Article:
A drug-free alternative for menstrual pain: Electrical brain stimulation

When it comes to menstruation, one need that comes to mind is pain relief. Now, menstruators may have a new option for period pain relief that doesn’t involve popping ibuprofen after ibuprofen.

UK medtech Samphire Neuroscience is building a wearable device to tackle menstrual pain and associated mood disorders like premenstrual dysphoric disorder (PMDD).

The device, called Nettle, is a headband. But how does a device placed on your head relieve pain, often localized in the abdomen?

Nettle’s function draws on transcranial direct current stimulation (tDCS), a non-invasive form of electrical brain stimulation. This kind of neuromodulation targets areas of the brain responsible for pain and mood.

Neuromodulation for period pain

For those unfamiliar with neuromodulation, an electrical stimulation headset may evoke electroconvulsive therapy (ECT) or even something more invasive like a brain-computer interface (BCI).

That’s why an aspect of Nettle that Samphire emphasizes is how “natural” it is. 

The term “natural” is often evoked in the reproductive and sexual health space as a signal that the product or therapy does not involve hormones—such as with Natural Family Planning (NFP). In this case, the word refers to how the electrical stimulation works with how neurons normally function and communicate, allowing for a non-invasive intervention without severe side effects.

The low-current electrical stimulation works by increasing “neuroplasticity”—the brain’s capacity to adapt by shifting its synaptic connections. Samphire’s research has led them to conclude that the menstrual cycle’s hormonal shifts cause changes in the brain that then, in turn, lead to heightened negative mood and pain effects.

By wearing Nettle for five days before their period starts (the luteal phase), users should expect fewer mood and pain symptoms once their period starts.

“One thing that we were surprised by is usually [neurostimulation] technology is known, in other conditions, to be highly effective but the reduction that we have seen in pain within a single period’s use is actually very unusual. It’s extremely high,” Samphire co-founder and CEO Emilé Radytė said. “So it seems that, for women, if you stimulate in the right phase — which in our case is right before your period — that actually really matters. Because instead of needing to stimulate every single day, there seems to be some connection between the way that we perceive pain in different [menstrual] phases.”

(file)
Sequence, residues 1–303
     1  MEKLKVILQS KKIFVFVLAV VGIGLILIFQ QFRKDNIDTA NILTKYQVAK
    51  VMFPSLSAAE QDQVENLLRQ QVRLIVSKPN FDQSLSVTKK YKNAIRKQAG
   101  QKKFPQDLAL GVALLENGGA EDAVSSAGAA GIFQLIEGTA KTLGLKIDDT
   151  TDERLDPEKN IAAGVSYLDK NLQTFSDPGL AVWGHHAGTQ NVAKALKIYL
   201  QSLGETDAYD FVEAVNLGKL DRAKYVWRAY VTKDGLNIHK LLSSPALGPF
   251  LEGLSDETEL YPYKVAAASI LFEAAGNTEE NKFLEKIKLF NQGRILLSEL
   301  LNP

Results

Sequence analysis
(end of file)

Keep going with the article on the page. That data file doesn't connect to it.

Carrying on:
Samphire appears to draw inspiration from neuromodulation predecessor Flow Neuroscience, whose similar tDCS headset treats depression without pharmaceuticals. Samphire’s targets are core symptoms associated with premenstrual syndrome (PMS), PMDD, polycystic ovary syndrome (PCOS), and endometriosis.

The burden of menstrual pain and disorders

It’s no secret that women’s pain has been underestimated or even ignored by the medical community for a long time. Menstrual pain is a large part of that picture.

The effects of inadequate solutions for menstrual pain and disorders is felt by many women and society at large. Even just dysmenorrhea (the clinical term for painful periods), one of the most common gynecological complaints, causes menstruators to miss work and school.  

Chart: MedTech Pulse
Chart: MedTech Pulse

Whether it is dysmenorrhea or more complex conditions like endometriosis and PMDD, the treatment options available—mainly pain medications, hormonal contraception, or even surgery— are limited, involve many possible side effects, and are often ineffective in the long-term. 

“To me brain stimulation devices are the future,” Radytė said. “Because for any long-term condition… no one wants to constantly take medication. So if we can change that status quo—where women can be dependent on other things [than drugs] to manage their cognitive and physical symptoms—then that has to be the future. Especially because women need to live with these conditions for all of their lives.”

Next, Samphire is tackling relieving pain and other unpleasant symptoms inherent to the fourth trimester of pregnancy and menopause

We celebrate this work because it is likely to bring much-needed solutions to many under-served conditions. Also, companies like Samphire are addressing a problem underpinning this lack of solutions: A lot of medical research has historical excluding women. With their work, we’re getting a better picture of how female hormones interact with pain, the brain, and many other systems and conditions. Future patients will be better off for it.

Read more

See all

MedTech Pulse is a newsletter publication on innovation at the intersection of technology and medicine. Stay ahead with unique perspectives on industry news, the latest startup deals, infographics, and inspiring conversations.

Powered by